10K Split8:06:10AM01:20:3412:58 min/mi01:20:5913:02 min/mi
Finish9:14:55AM02:29:1911:24 min/mi02:29:4411:26 min/mi

(Garmin: 13.24 @ 2:29:22 ~11:17min/mi)
So, I guess the big take-home is, yes, if you walk early and often, you will be able to save energy and finish strong (my last 0.37 miles was at 8:57/mile pace).  But, really, let's be honest.  I totally took it easy here and just wanted to fit in a good long run.  I hadn't trained to race, so I wanted a good run, but I didn't want it to hurt too much.  I'm very pleased with how it turned out (9:57 AVG for the last 6.9 miles?  That's just fine, thank you.).  Effort-wise, it felt relatively comparable to Oakland, but in Oakland, I didn't have to be smart, I just got lucky with the course and weather, hence why, despite roughly the same lackluster training, it was 7 minutes faster (although not a negative split at all).  In SLO, I was approaching smart, but I'm sure I could have done some things better.

C'est La Vie.

Wishing you a lovely, relaxing, mellow, kick-back week.

April 19, 2015

Best Prescription Ever

I adore my medical doctor. She's awesome.
A few years ago, she gave me a prescription to take 24 consecutive hours off of work every week. How great is that? She made an excellent case for the fact that for my overall health this was, in her professional opinion, the most important medical advice she could give me. I haven't followed it religiously, but I have tried. And it's given me permission to pull back or make great work-life decisions when I otherwise might not have done so.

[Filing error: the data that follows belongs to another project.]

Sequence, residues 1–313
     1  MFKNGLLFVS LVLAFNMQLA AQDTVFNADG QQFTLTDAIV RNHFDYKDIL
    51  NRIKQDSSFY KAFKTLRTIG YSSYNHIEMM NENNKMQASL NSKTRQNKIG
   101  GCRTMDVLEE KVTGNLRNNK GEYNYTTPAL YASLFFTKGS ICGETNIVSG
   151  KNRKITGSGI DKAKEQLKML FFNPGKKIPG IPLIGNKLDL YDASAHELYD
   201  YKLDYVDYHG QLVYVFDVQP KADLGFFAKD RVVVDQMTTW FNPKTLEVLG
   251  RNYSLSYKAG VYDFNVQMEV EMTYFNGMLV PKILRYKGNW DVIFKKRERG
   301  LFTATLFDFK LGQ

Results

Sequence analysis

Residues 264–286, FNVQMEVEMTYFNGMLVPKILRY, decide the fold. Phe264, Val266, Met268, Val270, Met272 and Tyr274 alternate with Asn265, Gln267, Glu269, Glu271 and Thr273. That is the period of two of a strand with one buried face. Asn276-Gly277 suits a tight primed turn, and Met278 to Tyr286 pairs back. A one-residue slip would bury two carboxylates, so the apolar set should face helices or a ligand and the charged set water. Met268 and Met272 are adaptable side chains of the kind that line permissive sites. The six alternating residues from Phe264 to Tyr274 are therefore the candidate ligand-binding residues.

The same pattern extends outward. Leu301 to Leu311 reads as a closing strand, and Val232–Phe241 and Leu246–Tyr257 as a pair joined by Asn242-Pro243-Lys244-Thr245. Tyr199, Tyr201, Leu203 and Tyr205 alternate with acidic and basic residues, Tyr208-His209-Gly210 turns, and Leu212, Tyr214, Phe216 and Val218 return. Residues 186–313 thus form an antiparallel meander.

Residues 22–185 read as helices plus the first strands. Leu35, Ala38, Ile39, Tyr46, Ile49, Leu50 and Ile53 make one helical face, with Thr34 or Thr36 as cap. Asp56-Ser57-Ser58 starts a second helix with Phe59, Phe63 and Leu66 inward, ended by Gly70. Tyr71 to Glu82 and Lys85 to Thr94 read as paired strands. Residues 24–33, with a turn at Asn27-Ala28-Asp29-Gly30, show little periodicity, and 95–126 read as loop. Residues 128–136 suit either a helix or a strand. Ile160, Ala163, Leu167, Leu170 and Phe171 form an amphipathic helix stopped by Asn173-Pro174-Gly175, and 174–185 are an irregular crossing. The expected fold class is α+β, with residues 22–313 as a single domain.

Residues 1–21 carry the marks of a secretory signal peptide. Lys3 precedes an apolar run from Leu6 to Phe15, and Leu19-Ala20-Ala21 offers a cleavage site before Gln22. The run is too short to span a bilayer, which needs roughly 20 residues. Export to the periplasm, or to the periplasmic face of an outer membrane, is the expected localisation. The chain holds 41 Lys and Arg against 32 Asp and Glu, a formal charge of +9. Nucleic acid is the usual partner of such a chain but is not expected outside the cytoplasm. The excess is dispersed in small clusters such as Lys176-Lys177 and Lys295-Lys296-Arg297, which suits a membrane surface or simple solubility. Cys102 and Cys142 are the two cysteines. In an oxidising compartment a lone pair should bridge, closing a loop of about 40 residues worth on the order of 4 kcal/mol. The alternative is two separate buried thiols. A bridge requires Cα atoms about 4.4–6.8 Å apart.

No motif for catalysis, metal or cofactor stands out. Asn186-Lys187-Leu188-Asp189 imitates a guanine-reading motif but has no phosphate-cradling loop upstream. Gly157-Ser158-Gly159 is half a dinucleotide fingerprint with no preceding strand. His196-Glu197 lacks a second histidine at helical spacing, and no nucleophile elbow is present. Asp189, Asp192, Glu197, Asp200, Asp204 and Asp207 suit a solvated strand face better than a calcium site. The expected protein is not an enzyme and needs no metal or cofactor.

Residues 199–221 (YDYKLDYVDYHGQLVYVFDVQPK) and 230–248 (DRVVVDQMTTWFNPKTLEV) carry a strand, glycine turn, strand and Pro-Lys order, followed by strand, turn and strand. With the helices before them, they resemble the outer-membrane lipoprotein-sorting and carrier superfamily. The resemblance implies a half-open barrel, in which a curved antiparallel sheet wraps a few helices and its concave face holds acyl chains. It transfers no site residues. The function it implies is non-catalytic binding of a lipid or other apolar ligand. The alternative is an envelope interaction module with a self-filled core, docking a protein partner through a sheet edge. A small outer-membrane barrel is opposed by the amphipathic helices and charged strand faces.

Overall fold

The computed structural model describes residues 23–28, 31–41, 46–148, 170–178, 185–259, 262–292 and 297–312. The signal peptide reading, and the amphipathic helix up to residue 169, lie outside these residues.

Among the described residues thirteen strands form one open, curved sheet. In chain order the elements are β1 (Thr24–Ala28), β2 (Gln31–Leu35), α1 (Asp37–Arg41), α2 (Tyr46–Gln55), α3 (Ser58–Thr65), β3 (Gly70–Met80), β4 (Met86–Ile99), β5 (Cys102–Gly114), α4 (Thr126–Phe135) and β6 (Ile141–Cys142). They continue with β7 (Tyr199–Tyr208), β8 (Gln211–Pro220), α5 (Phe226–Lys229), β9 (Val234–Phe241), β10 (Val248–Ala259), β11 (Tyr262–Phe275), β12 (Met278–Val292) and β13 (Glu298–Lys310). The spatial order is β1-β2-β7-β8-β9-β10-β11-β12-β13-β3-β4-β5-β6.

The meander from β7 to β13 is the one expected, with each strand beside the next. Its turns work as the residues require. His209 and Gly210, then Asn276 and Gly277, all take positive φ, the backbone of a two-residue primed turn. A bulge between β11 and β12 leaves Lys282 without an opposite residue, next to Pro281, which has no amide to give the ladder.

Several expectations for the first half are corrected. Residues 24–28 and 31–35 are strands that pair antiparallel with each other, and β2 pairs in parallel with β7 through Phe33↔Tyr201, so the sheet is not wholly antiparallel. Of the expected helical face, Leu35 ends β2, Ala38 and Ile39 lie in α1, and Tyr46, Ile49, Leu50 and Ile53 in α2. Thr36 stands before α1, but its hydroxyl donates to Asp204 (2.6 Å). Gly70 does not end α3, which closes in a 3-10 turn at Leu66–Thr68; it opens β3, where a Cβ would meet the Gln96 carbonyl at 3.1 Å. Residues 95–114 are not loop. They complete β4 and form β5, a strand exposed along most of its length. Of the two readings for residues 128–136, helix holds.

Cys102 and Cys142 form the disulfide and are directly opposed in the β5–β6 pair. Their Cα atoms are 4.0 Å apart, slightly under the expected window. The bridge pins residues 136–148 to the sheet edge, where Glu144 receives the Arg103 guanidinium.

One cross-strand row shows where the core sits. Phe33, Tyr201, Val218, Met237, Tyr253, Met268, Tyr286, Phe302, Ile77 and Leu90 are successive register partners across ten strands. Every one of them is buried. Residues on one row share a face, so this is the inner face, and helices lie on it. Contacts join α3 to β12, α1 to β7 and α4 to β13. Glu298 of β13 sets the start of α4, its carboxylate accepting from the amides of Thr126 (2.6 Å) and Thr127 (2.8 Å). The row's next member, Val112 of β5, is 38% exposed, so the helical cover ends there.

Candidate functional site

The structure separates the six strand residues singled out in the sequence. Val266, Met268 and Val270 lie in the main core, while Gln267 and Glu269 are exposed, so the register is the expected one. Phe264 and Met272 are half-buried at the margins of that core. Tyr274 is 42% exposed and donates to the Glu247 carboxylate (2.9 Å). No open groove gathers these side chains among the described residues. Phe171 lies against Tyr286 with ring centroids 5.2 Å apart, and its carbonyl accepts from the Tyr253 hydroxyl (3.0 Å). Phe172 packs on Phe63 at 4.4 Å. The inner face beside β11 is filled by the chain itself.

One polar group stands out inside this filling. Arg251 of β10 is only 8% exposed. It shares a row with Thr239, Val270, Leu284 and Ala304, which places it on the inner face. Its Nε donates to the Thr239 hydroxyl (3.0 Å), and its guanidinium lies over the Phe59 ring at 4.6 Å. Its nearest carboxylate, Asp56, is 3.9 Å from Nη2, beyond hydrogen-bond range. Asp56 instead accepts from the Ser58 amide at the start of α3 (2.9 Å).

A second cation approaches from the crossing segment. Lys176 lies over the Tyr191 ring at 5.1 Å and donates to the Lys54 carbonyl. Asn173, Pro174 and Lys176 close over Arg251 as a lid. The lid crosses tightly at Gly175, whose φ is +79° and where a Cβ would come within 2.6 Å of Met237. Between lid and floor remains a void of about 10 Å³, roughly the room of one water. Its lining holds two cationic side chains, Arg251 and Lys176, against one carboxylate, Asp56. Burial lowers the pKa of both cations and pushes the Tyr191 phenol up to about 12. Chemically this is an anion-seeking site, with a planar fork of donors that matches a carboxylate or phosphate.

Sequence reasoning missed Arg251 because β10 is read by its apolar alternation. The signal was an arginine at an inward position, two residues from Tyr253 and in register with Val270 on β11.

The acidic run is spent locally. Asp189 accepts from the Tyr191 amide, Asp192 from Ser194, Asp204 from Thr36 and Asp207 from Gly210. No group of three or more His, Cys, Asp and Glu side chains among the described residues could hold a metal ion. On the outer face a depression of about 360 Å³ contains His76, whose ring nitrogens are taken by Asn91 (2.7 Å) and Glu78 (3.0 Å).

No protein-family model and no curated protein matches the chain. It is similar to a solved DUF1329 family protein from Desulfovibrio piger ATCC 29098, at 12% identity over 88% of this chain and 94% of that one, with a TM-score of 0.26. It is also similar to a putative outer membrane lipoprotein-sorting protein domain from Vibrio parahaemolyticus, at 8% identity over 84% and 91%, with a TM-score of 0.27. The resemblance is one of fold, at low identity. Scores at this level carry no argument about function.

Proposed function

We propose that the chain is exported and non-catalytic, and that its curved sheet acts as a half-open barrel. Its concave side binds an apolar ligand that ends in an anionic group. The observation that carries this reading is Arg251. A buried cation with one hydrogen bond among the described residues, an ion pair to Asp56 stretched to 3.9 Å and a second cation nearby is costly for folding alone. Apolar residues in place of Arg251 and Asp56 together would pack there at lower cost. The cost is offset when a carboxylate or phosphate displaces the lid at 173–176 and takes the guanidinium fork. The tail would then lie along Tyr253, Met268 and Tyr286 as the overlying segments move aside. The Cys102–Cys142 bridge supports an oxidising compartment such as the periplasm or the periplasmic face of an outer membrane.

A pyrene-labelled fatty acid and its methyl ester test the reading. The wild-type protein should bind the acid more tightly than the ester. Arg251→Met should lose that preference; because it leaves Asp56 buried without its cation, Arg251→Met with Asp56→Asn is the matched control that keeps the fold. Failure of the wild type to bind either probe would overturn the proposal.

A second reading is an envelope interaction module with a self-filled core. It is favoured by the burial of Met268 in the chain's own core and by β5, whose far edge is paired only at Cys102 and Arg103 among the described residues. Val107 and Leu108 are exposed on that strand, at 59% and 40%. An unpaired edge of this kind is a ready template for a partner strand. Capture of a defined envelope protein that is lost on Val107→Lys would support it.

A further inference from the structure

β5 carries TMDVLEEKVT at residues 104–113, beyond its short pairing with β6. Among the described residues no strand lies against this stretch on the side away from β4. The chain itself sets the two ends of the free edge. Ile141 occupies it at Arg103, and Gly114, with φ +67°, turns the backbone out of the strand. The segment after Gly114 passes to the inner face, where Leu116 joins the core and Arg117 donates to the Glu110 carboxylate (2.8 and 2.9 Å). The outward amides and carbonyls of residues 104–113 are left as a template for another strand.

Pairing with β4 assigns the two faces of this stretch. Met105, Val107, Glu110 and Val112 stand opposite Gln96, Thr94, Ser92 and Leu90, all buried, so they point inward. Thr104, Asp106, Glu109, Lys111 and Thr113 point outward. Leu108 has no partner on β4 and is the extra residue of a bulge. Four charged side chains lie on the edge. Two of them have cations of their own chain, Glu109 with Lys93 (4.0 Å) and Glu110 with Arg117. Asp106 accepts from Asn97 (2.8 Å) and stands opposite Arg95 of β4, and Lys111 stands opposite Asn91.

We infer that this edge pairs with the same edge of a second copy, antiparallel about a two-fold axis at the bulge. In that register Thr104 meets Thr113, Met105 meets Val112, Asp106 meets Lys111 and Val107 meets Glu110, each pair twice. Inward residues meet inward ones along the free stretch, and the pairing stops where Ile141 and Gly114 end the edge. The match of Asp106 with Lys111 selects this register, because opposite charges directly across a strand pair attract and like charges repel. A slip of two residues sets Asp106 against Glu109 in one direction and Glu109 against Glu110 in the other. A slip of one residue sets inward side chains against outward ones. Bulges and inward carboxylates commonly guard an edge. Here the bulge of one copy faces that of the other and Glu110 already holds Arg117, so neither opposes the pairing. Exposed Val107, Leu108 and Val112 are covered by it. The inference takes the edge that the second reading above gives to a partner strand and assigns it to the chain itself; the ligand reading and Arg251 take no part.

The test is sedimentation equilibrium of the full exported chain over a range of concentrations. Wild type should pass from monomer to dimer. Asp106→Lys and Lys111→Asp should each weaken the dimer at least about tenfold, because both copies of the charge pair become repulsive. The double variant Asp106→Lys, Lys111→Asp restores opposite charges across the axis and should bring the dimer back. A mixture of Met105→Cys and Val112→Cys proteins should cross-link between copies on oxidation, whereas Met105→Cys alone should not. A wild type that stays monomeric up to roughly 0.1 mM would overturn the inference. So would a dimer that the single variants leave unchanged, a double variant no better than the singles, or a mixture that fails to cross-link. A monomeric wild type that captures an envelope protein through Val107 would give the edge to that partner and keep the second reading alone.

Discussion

I've been very impressed with her knowledge of me as a person and her ability to give me "medical" advice that helps me justify making smart decisions to manage my stress levels.

After saying hello and settling in to my annual appointment last week, the first thing she asked me was, "What do you do for exercise?" I explained that over the last few years I've settled into a situation where I am committed to 20ish miles minimum per week. I don't care about the pace, but I get them done. I fit in yoga, core, etc. where I can, but the miles are my baseline. (And yes, I need to get back in the studio, on the mat, and generally more balanced, but it hasn't been happening lately, if I'm honest.  I'm working on it.)

She smiled and explained to me that my pulse and bloodwork made it very obvious that I worked out regularly. More importantly, the last few years of bloodwork make it I appear that I have some genetically pre-disposed indicators of potential problems, but the bad data is so minimized by the good data generated by my athleticism, that she gave me the best prescription I've ever received from a doctor: